Connecting Sri Lanka: Train to Jaffna
04 Nov, 2014 · 4726
Asanga Abeyagoonasekera looks at why physical connectivity may not necessarily ensure national integration
On 09 November, the world will remember the fall of the Iron Curtain. Twenty five years from this date the Berlin Wall was dismantled; this iconic moment triggered the end of the Cold War. One may wonder what journey a contemporary super power such as the US has navigated for the last twenty five years and if this same process will occur in the case of China emerging as the next super power. The Economist indicators support that Asia’s export share has doubled from 18 per cent in 1980 to 36 per cent in 2013. The month of November will also commence with an important discussion on the re-emergence of the ancient Chinese Maritime Silk Road. This seminar on the “21st Century Maritime Silk Road (MSR)” with Sri Lankan and Chinese scholars will be held in Sri Lanka. The Chinese President’s proposal on the revival of the ancient Maritime Silk Road was fully supported by the Sri Lankan President several months ago. MSR is of importance to the island of Sri Lanka, due to its geo-strategic position at the centre of the Silk Road. It is important to ponder on the balancing role Sri Lanka plays between China and India, as within the scope of development in this country, China is heavily present in the South and India present in the North.
On the note of development within the country, the Yal Devi (Queen of Jaffna) Train resumed operations from Colombo to Jaffna after 24 years. Re-starting on 13 October, it marked a landmark in railway links between South and North of Sri Lanka. This rail link was constructed in 1905 under British colonial rule. On the present day the India Railway Construction International (IRCON), an Indian railway subsidiary, completed the restoration of the railway lines with a cost of Rupees 58 billion, on the basis of financial assistance from India. President Mahinda Rajapaksa inaugurated the new railway line. When speaking to the media at the event, the President said, “This effort will connect hearts of the people in south and north and this was the main aim of the new railway to the north after liberating north from the LTTE control.” The LTTE bombed the Yal Devi train at Kokavil on 19 January 1985 killing 34 people and destroying train tracks, which disrupted connectivity. Providing transport to the North is a good deed; however one may question how far physical infrastructure helps in connecting the hearts and minds of the people. Infrastructure development to create access to different parts of the island could provide economic benefits to those localities that were deprived of development due to the three-decade war. However, there are many other factors apart from physical infrastructure that could help to connect on a mental and humane level as citizens of a single nation. Strengthening the reconciliation process, implementing the LLRC (Lessons Learnt and Reconciliation Commission) recommendations and working towards fully implementing the13th amendment devolution of powers to other parts are important areas to focus on. While you may need one set of values to succeed in war, it takes another set of values for the post war scenario. The values the government possesses in the post war context from 2009 to the present day are debatable.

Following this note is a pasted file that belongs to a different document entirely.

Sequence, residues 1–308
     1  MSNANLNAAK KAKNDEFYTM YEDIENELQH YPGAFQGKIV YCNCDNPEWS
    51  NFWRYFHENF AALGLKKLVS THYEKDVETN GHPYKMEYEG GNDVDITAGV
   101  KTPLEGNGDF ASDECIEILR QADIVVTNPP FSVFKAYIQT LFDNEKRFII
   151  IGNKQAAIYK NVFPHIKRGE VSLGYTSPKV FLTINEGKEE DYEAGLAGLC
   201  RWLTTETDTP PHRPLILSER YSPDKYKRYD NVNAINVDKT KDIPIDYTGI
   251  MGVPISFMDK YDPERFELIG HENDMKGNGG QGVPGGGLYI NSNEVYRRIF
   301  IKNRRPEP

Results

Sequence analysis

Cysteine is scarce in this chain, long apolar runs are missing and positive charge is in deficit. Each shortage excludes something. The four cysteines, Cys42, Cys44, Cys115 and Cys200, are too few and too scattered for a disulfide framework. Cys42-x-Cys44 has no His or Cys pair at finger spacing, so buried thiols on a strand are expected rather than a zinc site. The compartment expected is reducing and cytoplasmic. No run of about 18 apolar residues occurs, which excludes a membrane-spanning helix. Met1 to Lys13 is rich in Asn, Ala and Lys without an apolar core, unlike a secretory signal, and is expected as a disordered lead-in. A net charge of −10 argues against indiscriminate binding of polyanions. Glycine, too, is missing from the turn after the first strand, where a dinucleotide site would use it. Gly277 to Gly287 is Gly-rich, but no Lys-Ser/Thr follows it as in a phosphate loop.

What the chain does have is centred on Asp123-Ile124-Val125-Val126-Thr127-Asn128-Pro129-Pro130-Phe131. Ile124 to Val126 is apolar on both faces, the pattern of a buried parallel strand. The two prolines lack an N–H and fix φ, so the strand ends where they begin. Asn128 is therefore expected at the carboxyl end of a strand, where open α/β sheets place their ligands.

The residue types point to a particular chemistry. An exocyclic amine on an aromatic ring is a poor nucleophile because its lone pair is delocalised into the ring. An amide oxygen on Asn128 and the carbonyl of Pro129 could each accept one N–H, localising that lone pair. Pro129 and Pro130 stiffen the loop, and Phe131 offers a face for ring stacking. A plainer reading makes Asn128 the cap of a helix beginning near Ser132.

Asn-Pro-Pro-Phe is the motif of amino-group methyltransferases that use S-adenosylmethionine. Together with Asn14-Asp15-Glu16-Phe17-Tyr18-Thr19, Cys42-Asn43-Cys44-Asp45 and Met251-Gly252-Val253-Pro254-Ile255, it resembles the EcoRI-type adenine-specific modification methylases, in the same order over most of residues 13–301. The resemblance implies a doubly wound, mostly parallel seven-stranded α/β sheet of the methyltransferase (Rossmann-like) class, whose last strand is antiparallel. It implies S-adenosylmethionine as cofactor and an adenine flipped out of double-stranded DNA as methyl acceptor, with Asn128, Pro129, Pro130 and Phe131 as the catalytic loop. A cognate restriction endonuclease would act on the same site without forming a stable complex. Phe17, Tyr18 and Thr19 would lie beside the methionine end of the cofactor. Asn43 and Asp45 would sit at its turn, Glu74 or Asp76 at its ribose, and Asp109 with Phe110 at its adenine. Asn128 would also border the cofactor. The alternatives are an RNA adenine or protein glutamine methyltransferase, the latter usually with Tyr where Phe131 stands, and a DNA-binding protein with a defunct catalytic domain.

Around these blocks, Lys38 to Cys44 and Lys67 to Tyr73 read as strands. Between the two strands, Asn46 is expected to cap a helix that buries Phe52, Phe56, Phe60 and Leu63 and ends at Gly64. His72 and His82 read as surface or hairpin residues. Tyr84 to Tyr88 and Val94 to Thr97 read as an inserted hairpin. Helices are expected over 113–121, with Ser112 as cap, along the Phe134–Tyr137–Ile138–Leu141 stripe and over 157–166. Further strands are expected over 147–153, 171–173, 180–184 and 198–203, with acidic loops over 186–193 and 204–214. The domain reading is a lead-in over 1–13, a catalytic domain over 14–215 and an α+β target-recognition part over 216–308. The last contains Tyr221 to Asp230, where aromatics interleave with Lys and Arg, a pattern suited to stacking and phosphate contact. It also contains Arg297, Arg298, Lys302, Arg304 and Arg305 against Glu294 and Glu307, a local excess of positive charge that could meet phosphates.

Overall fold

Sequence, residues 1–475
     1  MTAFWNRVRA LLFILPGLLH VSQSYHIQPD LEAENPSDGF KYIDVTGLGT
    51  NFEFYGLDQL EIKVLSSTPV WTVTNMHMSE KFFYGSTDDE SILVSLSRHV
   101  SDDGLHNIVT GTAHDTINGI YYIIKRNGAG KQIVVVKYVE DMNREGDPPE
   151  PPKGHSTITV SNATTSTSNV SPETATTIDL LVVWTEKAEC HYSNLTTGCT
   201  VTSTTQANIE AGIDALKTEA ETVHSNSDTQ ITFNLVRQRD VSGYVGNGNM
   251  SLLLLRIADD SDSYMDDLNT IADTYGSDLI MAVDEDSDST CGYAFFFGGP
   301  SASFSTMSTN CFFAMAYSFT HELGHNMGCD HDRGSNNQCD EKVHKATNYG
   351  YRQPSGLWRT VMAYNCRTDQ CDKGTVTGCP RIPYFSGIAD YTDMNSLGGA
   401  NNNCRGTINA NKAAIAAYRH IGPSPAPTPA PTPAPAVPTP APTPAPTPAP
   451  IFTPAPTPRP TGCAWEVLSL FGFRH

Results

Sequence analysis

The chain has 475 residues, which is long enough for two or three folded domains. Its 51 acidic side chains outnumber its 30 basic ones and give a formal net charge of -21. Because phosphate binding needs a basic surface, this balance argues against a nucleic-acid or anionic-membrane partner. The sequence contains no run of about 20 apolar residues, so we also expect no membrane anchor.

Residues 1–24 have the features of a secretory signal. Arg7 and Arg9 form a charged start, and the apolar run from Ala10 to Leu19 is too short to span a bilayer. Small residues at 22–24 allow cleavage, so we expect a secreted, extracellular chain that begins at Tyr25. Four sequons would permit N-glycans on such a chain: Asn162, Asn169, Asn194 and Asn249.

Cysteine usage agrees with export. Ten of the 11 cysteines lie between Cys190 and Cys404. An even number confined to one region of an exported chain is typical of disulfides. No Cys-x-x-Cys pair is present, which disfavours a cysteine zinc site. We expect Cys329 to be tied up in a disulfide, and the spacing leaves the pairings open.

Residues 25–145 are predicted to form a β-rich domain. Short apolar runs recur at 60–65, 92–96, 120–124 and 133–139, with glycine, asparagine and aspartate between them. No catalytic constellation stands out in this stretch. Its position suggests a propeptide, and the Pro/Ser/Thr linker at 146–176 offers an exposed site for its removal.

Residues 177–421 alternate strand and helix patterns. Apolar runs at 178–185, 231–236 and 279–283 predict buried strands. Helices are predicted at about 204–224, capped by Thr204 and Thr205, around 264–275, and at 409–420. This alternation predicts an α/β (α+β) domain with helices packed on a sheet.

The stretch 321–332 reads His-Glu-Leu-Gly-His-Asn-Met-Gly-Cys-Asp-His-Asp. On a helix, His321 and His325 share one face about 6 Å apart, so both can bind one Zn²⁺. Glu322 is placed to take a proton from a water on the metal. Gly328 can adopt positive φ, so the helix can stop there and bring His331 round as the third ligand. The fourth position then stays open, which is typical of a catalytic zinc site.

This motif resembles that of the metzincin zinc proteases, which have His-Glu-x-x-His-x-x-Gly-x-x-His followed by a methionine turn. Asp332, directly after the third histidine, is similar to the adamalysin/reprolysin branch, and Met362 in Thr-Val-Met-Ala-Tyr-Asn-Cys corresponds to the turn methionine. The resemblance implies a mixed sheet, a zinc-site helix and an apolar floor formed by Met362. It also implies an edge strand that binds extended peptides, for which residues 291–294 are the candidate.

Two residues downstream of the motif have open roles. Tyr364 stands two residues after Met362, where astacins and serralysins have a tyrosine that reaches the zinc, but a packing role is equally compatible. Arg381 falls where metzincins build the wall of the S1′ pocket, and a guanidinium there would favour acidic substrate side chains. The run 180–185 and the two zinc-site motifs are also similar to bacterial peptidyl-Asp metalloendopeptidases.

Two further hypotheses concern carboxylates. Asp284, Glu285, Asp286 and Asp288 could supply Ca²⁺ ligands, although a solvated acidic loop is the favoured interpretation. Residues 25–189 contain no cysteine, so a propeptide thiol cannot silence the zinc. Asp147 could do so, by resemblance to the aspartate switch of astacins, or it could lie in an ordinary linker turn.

In matters of governance, incidents such as the Aluthgama riot with the Muslim community and the recent diplomatic chaos in New York will definitely create a negative impact, and does not create a positive image outside the country. Outside the boundaries of the nation yet directly affecting it, the ban against the LTTE was lifted in European Union. The late Lakshman Kadirgamar, was an astute foreign minister who worked tirelessly to ban the LTTE in many nations. One of the greatest achievements during President Chandrika Bandaranayke’s administration was this ban on the LTTE. In lifting the ban on this ruthless terrorist group that assassinated many innocent people indiscriminately, the future consequences of this act towards the country and the entire world should be evaluated.
Closer to the day-to-day lives of Sri Lankans; the government budget proposal was presented to parliament a week ago. The considerable increase in expenditure and inadequate evidence to increase revenue is evident. The projected fiscal deficit of 4.2 per cent of GDP is unlikely to be realised with the rise of expenditure. One of the key areas that budget does not focus on is research and development of the country, a primary area towards the five-hub strategy. The Rupees 500 million budget for research and development is insufficient in the serious development of an important sector. Staying focused on maintaining power seems in this case more important than policy matters, as judging by the latest budget proposals. The election budget and accelerated development in the North such as the new train line could be due to plans for early presidential elections in January 2015.
Connecting to win the hearts and minds of all communities of the Island will be challenging after three decades of war but this is achievable with the right strategies and processes by the government.
The views expressed in this article are the author’s own and do not reflect those of the government of Sri Lanka or the Lakshman Kadirgamar Institute of International Relations and Strategic Studies (LKIIRSS), Sri Lanka.
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